Chris Lunch


How can technologists access deep insights without anthropological training and experience? How can we as anthropologists help build the empathic listening skills of these teams and challenge the cognitive bias so we can help our teams solve the complex “wicked” problems? It is key for techies to be connected to these other realities and design with them in mind, which is currently often not the case.

To change this we need to all be ready to put aside our “expert hats”. Techies and anthropologists alike….We need to use participatory, iterative tools and include those we are designing for as temporary “members” of our design teams to identify real needs and priorities and develop solutions together with technologists and wider stakeholders.

The problems in successful design and implementation of technological or technical solutions arise from systemic issues due to a lack of flexibility and inclusion in the research and design phase. If we can apply agile, participatory and iterative design approaches, we can enable really exciting and novel approaches to some of the “wicked” problems many at this conference are trying to address.

To illustrate this I will share a project we carried out in the Paris suburbs with municipal government policy makers and urban engineers in one of Europe’s largest social housing projects, a place officially considered “beyond the control of the law”. Together with local citizens, policy makers and urban engineers we carried out locally led research and analysis to define key priorities, insights and needs. The key to success was the urban engineers changing their posture from that of expert and designer to that of facilitator, to humbly listen to the real experts: the citizens, the users, those living the problems on a day-to-day level. Working with them as co-designers and as co-experts, thereby tapping into this incredible talent and source of insights.  How does this translate into AI for good? How can we avoid the failed social projects and misguided, misinformed solutions of the past; imposed on people rather than coming from within?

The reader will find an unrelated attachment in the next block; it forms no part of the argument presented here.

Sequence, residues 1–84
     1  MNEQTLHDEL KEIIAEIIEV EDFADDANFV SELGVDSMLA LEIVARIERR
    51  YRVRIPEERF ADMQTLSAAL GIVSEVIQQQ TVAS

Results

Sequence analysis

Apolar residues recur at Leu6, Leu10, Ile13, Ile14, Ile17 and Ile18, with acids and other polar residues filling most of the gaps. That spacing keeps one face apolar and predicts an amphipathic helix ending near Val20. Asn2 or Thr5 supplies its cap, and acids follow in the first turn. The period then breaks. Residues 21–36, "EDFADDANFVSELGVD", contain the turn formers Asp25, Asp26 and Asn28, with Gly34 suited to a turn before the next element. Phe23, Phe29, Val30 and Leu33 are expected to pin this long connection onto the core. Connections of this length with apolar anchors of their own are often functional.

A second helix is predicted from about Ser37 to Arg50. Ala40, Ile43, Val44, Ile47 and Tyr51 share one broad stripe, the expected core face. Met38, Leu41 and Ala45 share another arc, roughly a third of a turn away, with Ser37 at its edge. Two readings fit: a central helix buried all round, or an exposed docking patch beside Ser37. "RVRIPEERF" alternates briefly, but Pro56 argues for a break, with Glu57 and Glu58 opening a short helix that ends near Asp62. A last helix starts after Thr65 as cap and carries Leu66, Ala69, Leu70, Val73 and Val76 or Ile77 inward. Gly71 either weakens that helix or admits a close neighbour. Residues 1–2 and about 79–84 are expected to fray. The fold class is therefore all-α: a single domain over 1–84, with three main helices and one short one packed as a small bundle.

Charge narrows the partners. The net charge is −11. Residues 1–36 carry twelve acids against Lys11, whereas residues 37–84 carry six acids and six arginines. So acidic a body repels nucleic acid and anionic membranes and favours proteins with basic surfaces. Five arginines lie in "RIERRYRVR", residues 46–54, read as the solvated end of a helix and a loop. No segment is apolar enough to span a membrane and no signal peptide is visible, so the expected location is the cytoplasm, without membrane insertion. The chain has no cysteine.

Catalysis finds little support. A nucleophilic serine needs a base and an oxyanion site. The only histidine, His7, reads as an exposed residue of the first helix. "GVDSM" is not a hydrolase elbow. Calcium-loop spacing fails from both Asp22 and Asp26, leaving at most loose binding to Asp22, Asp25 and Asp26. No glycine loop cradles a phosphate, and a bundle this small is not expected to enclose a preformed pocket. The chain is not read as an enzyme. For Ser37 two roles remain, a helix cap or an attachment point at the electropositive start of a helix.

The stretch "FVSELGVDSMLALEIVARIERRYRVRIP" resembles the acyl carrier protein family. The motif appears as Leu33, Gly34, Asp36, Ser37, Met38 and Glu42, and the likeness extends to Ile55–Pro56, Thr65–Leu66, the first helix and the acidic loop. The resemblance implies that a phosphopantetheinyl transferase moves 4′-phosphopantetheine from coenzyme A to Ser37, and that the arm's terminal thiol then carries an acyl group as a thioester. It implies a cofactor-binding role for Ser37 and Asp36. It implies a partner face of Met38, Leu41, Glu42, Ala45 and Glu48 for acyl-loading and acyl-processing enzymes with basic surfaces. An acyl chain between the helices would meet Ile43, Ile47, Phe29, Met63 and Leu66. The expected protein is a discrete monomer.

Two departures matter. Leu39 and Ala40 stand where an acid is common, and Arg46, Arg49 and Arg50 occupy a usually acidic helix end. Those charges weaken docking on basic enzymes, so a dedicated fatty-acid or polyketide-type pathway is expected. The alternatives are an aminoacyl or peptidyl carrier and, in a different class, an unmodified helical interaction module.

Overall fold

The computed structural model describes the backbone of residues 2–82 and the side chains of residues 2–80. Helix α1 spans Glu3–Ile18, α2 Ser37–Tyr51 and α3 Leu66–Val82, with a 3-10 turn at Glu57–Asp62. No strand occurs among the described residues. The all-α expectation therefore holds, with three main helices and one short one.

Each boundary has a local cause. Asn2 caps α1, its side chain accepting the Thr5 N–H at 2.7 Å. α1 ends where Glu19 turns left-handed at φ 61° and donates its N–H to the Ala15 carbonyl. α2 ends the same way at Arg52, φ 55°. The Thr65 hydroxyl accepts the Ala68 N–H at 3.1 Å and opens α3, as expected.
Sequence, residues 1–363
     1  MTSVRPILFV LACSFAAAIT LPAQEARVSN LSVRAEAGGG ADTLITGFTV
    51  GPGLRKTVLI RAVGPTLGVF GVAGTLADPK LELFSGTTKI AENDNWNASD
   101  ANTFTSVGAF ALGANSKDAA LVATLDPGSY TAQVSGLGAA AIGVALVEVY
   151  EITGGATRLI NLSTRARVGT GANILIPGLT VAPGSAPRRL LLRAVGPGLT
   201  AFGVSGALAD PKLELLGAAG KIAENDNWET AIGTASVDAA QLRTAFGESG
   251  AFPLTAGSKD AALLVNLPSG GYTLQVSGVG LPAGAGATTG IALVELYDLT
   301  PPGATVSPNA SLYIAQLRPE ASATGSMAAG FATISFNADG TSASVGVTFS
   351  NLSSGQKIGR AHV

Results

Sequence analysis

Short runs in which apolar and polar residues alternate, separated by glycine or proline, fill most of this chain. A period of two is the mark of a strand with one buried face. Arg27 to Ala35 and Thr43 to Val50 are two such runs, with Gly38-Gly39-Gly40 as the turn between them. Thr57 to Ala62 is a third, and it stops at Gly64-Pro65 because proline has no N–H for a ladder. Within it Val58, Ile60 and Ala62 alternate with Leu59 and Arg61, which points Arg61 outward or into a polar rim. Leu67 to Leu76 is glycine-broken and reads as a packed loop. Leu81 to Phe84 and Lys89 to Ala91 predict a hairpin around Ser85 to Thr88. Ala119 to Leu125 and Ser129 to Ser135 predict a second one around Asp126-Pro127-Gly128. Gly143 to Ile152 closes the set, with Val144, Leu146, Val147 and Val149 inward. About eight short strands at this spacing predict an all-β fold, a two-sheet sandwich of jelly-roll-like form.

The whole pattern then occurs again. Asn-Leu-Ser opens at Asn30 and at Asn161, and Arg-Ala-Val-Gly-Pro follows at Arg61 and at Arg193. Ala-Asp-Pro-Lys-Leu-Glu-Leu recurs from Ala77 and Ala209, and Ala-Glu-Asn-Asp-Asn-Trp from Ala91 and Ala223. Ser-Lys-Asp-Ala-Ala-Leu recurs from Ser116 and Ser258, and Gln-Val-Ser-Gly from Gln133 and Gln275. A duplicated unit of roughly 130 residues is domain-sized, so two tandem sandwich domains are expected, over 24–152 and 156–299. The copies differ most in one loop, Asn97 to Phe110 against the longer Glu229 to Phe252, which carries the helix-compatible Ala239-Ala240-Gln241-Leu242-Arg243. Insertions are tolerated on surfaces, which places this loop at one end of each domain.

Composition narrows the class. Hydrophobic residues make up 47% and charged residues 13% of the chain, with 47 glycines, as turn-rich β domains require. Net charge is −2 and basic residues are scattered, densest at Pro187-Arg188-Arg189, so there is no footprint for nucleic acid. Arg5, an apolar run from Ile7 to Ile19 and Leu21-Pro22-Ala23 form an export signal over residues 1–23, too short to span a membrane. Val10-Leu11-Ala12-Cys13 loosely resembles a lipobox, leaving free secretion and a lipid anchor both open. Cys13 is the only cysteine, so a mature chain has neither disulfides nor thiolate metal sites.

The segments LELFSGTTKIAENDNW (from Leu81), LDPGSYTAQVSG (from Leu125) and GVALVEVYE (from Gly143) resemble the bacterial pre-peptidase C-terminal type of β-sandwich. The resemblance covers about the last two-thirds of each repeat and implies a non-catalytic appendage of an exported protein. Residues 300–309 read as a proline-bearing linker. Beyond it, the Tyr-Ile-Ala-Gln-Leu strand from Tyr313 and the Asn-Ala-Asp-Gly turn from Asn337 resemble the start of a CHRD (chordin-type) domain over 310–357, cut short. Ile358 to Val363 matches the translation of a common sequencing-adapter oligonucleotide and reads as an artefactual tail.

About Chris

Chris is the Co-Founder and Director of InsightShare. We are leaders in developing participatory video and co-design projects. Chris has worked on Participatory Video projects around the world since his first project with nomads and farmers in Central Asia back in 1999. He co-founded InsightShare with his brother Nick eighteen years ago.

Chris leads the overall strategy, operations and financial management of the organisation and continues to facilitate projects in the field. Chris studied Anthropology and Archaeology at Oxford University.